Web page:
Why Citrus is a Terrible Exfoliator

Lemons — or one of their derivatives, vitamin C — can be great addition in many a skin care product. They can add a bright, fresh scent to your favorite cleanser, deliver vitamin C to your dull skin, and help exfoliate dead skin cells. Plus, they’re cheap — at less than $1 per lemon, rubbing a slice of lemon over your skin sounds like a cheap, easy way to get beautiful, glowing skin. But if you’re using lemon to fix hyperpigmentation on certain parts of your body — it’s a popular home remedy for freckles — you might be doing more harm than good.

If Your Skin is Dull, Lemon Just Might Fix That For You

Lemon can do a multitude of wondrous things for your skin. To start, one hundred grams of raw lemon, without peel, contains approximately 53mg of our favorite antioxidant, vitamin C, which can boost the effects of your sunscreen as well as scavenge free radicals formed as a result of UV exposure. And you’re not exactly wrong if you’re using lemon juice to lighten discolortion in your skin; vitamin C will reverse the process caused by o-DOPA QUINON that creates sunspots, helping to prevent future hyperpigmentation and fixing the dark spots you already have.

Lemon also contains about 7% to 10% citric acid (Patna University), which is an alpha-hydroxy acid similar to glycolic or lactic acids. Alpha-hydroxy acids can exfoliate dead skin cells to thin and smooth the stratum corneum (outermost layer of skin) to increase cellular turnover, stimulate collagen production, and increase skin flexibility (Skin Therapy Letter, Biological & Pharmaceutical Bulletin).

So at first, lemon juice sounds great for your skin. It’s going to brighten and tighten, and what better way to get rid of those dark spots than a cheap, at-home remedy?

But Lemons Sound Great for My Skin, So What’s the Problem?


While lemon juice can brighten your skin, it doesn’t come without some damage. First and foremost, lemon juice is a known irritant that can cause contact dermatitis, even in small amounts (International Journal of Molecular Science, Contact Dermatitis). Additionally, because it’s an alpha-hydroxy acid, it also is a known photosensitizer, making your skin more susceptible to sun damage and other signs of aging when you’re exposed to UV rays (University of Maryland Medical Center, JAAD). That means you could actually make dark spots worse!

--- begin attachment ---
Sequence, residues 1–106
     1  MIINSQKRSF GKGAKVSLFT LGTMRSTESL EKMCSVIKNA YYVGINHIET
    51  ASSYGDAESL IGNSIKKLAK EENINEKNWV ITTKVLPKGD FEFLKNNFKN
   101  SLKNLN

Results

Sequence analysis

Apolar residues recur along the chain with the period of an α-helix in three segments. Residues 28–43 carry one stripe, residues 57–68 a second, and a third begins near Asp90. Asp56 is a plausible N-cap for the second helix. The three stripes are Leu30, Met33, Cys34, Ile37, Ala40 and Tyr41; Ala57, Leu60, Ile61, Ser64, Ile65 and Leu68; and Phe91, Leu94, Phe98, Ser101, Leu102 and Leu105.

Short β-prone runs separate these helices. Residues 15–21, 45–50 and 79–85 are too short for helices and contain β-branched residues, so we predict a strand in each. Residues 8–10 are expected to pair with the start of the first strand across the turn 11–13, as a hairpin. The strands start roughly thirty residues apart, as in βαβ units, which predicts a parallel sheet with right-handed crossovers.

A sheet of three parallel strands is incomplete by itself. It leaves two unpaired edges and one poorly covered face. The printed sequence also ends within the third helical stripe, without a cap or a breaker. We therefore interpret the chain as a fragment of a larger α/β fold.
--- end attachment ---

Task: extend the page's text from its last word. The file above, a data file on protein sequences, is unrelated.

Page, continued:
Next, let’s focus on the pH level of lemon juice — a nice, low pH of 2. Your skin is slightly acidic as it has a pH ranting from 4.5-6.5, making lemon juice much more acidic than your skin. A mild acidic product would actually soothe your skin, helping it to retain moisture by strengthening the skin barrier. But since lemon juice has a much lower pH level, it’s going to irritate and damage your skin over time.

Additionally, according to Dr. Hanan Taha, M.D., because lemons contain about 80% water, they will dry out your skin. If you’re applying water without an occlusive moisturizer, like glycerin, the water in your skin, plus the water you’ve already applied, will evaporate together, leaving your skin even drier than before.

In Summary

In moderation, lemon juice will provide your skin with many benefits, helping to exfoliate and brighten your skin. The trick is, you’ve got to wash it off or use it in professionally formulated products. Applying straight lemon juice to your skin will cause irritation and photosensitivity, damaging your skin over time. The products in stores that contain lemon juice are specifically formulated to minimize the potential damage and irritation caused by citric acid and are best used by following the directions. If you’re taking your dark spot correcting into your own hands, you could end up results you never intended to get: irritation, dry skin, and accelerated sun damage (which would actually make sun spots worse).

For a safer, more effective way to lighten your skin, try our ViaBuff Exfoliators! With four different levels for every skin type and concern, it’s a surefire way to get custom exfoliation for even the most dry of skin — without damaging citrus extracts.

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